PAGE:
Wednesday, June 11, 2008

A big, watery egg on their faces

Well this doesn't sound good:
Property owners who had their homes swept away or destroyed as Lake Delton flooded its banks won't be covered by national flood insurance because the Village of Lake Delton had suspended its participation in the National Flood Insurance Program.


The director of the Wisconsin Department of Natural Resources' Bureau of Water Management said that the village had been a participating member in the NFIP since 1975, but failed to formally adopt a new floodplain the Federal Emergency Management Agency mapped in 2001. So the village had its eligibility canceled.


The program is voluntary and any community can participate and sign up at any time. If a new map comes out, local officials have to formally adopt that new map within six months. However, Lake Delton officials didn't, WISC-TV reported.

When WISC-TV asked the village president why the village wasn't signed up for the FEMA flood insurance program, he flatly said he "won't answer that question."

Village Board president Frank Kaminski refused to answer any questions, and said WISC-TV should talk to the police chief.

Police Chief Thomas Dorner and the city engineer said the village had a problem with the FEMA's expansion of Lake Delton's flood zone, which can make building much more costly.

So far, village officials have pointed to a lack of flooding problems in the past as reasons for why the village wasn't signed up for the FEMA flood insurance program.
I mentioned before my suspicions about poor planning and how we need to be more cautious about where and how we build our homes and businesses. This makes it obvious, too, that village officials (at least) knew about the floodplain and decided, possibly because they thought it would scare developers away because of costs, to forgo the flood insurance plan.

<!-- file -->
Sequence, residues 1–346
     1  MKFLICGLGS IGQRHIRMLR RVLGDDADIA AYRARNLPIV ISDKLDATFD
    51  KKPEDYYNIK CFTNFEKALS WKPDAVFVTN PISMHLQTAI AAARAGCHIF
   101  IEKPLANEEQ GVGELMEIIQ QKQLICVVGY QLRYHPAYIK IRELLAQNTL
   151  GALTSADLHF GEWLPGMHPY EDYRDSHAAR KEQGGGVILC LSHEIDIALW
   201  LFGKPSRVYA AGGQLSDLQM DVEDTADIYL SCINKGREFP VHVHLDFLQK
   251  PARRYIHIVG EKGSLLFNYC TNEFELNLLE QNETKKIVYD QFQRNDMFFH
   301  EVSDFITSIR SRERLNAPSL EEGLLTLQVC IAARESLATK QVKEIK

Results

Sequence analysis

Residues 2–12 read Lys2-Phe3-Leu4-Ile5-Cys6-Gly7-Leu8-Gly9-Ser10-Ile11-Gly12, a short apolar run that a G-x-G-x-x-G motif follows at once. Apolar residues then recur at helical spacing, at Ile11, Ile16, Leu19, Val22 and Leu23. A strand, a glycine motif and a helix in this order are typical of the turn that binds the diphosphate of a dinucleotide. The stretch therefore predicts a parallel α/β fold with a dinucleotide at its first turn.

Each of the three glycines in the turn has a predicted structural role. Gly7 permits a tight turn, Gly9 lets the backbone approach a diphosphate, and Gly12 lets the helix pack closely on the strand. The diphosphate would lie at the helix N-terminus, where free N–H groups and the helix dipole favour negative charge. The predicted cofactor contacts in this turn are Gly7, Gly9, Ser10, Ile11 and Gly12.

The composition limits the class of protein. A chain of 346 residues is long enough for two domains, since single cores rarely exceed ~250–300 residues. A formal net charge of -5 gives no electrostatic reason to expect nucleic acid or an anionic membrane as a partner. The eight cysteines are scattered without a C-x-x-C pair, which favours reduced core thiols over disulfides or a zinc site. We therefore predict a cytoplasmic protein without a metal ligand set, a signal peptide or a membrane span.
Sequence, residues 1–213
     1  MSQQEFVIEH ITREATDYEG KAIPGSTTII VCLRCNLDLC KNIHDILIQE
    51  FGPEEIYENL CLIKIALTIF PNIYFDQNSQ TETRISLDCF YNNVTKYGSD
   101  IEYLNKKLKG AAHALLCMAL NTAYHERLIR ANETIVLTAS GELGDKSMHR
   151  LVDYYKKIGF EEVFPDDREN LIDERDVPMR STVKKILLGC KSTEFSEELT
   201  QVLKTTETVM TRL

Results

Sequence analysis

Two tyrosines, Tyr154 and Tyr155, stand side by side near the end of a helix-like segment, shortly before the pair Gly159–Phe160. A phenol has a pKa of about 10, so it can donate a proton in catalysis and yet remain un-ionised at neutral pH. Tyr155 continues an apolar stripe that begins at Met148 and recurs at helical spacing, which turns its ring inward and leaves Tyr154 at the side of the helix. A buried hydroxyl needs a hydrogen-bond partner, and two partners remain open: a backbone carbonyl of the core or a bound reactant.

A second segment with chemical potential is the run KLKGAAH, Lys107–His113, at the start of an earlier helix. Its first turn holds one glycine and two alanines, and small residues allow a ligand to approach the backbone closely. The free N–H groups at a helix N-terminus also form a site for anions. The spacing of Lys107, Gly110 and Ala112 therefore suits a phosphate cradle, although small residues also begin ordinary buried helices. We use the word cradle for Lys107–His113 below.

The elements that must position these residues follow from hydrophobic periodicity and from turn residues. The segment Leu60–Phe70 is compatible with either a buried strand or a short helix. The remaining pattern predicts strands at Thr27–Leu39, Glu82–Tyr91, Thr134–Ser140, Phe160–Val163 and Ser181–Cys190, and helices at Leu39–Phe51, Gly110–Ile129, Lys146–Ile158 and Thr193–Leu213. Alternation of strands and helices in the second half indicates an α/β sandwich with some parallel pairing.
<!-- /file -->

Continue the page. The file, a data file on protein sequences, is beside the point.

Now those property owners effected by the flooding are left without insurance, kicking themselves for listening to officials who told them "'[Flooding] would never happen. It's never happened and we have control on both ends of the lake with dams and you're fine."

Again, I recognize that it's impossible to know if and when disasters like this one are going to happen. But when your community lies in a documented floodplain, and despite the dams, it would be wise to plan for the worst and hope for the best, rather than just hoping and planning for the best.

Please consider helping flood victims out in any way you can. See the American Red Cross in Wisconsin's website for contact info.


M Big Mistake said...

Yeah...when I heard that the people didn't have flood insurance, I thought they were stupid. Then I found out that they couldn't get it because of the village. Granted, I still don't think I'd buy a house on a lake without flood insurance...but I can see why people would just accept it when "the authorities" told them they didn't need it.

But geez...stupid, stupid, stupid.

I am a strong believer in human ingenuity and engineering...but for us ever to think that we can overcome nature's will is just arrogant and wrong.

John Foust said...

I predict it was not done in order to save a few thousand dollars, in the hopes of lowering taxes.

The Lost Albatross